Sgt Blackman recalls the moment the devastating verdict was delivered in his trial

Mail Online | 4/9/2019 | Alexander Blackman For The Daily Mail
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All this week we are serialising the brutally frank memoirs of Alexander Blackman — Marine ‘A’ — who was accused of a war crime in Afghanistan. Yesterday, we told how being charged with murder ruined his life. Here, he describes his anguish as he stood in front of a court martial to defend his actions and fight for his good name after 16 years’ exemplary service in the Royal Marines . . .

Stepping into the courtroom at the Military Court Centre at Bulford Camp on Salisbury Plain in late October 2013, I took in the place where the next years of my life — perhaps my entire life — would be decided.

Platform - Judge - Advocate - Proceedings - Side

There was a pine platform from which the judge advocate would oversee proceedings. To one side sat three Royal Marine and four Navy officers, the court martial jury who would decide my fate on the charge of murdering a Taliban insurgent in Afghanistan.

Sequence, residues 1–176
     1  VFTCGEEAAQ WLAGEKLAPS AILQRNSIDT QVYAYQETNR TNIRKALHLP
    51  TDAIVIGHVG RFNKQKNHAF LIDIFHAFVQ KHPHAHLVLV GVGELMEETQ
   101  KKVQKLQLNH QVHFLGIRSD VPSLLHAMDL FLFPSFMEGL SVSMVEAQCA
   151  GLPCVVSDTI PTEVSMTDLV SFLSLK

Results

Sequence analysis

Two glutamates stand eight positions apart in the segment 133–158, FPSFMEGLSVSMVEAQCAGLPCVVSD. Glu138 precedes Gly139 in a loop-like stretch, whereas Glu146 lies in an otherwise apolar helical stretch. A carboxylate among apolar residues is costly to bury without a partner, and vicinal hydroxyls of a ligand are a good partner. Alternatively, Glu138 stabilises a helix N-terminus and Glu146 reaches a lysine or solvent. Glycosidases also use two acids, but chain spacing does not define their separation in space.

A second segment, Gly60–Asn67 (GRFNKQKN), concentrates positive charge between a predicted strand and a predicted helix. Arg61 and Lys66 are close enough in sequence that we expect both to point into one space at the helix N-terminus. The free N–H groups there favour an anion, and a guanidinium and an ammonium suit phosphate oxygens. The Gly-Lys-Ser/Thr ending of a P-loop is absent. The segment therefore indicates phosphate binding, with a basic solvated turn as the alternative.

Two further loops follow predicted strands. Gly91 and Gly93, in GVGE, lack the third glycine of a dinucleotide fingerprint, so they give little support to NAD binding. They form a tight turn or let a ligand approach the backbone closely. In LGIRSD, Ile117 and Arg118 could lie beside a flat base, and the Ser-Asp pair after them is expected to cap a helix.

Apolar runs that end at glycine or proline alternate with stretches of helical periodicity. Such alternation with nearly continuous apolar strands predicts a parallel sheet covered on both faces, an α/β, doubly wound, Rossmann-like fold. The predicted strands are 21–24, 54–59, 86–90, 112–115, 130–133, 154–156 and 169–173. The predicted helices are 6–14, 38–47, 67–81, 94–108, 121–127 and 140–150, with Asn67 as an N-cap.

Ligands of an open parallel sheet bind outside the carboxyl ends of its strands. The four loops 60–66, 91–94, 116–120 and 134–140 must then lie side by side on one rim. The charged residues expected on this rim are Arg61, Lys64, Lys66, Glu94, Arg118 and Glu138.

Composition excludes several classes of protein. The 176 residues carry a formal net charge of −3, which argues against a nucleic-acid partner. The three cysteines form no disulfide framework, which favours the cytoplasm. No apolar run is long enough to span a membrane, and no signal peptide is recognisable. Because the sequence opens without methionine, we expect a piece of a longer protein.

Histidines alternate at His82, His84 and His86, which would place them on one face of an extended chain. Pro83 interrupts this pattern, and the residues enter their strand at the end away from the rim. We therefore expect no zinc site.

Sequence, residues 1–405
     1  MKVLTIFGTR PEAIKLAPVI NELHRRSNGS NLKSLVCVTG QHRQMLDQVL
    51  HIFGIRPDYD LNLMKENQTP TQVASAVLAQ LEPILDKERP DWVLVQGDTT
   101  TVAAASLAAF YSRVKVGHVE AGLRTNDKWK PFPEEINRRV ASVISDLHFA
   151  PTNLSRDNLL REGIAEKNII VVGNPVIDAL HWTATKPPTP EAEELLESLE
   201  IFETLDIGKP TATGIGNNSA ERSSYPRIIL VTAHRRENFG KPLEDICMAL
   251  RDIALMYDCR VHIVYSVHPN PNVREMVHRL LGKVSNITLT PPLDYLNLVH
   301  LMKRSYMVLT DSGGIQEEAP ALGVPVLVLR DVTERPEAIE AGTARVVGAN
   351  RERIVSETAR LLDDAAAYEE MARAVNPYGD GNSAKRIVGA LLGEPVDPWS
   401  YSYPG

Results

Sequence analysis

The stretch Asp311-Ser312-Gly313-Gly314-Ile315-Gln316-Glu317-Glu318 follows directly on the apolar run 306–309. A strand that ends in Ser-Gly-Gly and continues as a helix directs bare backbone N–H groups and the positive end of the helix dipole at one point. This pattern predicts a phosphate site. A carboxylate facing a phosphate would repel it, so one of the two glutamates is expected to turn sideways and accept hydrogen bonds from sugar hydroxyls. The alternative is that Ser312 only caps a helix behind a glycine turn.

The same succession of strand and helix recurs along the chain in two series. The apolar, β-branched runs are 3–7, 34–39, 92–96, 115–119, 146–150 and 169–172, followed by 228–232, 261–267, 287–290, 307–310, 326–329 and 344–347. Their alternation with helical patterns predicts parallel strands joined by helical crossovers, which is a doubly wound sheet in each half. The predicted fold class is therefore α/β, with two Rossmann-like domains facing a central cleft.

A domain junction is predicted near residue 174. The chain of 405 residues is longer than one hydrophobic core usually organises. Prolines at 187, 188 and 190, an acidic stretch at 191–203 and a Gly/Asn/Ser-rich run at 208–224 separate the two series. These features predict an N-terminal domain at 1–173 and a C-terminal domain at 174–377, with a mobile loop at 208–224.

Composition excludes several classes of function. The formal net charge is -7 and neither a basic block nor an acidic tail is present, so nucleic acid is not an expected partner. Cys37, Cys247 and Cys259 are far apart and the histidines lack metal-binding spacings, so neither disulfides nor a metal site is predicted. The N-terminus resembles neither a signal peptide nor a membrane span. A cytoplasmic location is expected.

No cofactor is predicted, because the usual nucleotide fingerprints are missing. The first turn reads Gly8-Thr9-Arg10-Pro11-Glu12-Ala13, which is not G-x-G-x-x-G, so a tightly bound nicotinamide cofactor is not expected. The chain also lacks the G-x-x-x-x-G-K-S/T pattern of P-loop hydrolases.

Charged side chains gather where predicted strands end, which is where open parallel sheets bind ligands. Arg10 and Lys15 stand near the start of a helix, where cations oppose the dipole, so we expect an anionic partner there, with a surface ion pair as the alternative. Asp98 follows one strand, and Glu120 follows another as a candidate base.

They were all that I and my two fellow defendants would see. We were screened off from the public gallery and the press by a partition. From here, we would listen to the evidence presented against us, hear our lawyers’ cross-examinations and ultimately deliver our own testimonies.

Names - Judge - Anonymity - Order - Year

We didn’t even have names. The judge had imposed an anonymity order on us when we were first charged more than a year ago, but there had been much media speculation about ‘Marine A’, as I had become widely known, and his fellow defendants, ‘B’ and ‘C’.

The moniker concerned me because it shrouded the truth about who and what I was.

Marine - A - Voiceless - Figure - Silhouette

Marine A was a voiceless, nameless figure, a silhouette at the head of a news item, a man without a family, a history, a life. A man synonymous with a few moments in Helmand Province, without any of the context of...
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